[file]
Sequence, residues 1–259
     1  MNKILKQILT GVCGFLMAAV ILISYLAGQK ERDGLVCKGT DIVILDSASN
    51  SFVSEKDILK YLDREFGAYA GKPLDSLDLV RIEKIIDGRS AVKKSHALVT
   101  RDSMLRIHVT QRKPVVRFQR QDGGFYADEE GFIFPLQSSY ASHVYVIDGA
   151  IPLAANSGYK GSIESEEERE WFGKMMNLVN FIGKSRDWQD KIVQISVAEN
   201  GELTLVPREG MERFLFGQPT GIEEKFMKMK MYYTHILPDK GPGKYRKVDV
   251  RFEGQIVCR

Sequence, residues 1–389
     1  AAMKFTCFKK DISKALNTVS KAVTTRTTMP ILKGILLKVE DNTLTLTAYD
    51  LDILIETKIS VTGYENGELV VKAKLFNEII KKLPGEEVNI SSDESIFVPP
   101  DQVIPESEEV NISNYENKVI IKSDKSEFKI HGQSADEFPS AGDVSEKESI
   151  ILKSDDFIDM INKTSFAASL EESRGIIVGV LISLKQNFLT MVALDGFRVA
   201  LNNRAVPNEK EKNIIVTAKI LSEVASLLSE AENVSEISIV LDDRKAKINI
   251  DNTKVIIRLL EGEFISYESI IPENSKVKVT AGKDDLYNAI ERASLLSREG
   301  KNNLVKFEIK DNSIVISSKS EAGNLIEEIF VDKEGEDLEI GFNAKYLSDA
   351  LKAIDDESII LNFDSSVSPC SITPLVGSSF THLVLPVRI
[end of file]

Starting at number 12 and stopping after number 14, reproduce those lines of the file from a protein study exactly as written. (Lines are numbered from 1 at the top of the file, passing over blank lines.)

   151  ILKSDDFIDM INKTSFAASL EESRGIIVGV LISLKQNFLT MVALDGFRVA
   201  LNNRAVPNEK EKNIIVTAKI LSEVASLLSE AENVSEISIV LDDRKAKINI
   251  DNTKVIIRLL EGEFISYESI IPENSKVKVT AGKDDLYNAI ERASLLSREG